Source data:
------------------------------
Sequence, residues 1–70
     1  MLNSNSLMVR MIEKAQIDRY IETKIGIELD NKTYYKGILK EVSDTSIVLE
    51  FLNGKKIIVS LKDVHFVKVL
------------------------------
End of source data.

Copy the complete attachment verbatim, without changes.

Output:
Sequence, residues 1–70
     1  MLNSNSLMVR MIEKAQIDRY IETKIGIELD NKTYYKGILK EVSDTSIVLE
    51  FLNGKKIIVS LKDVHFVKVL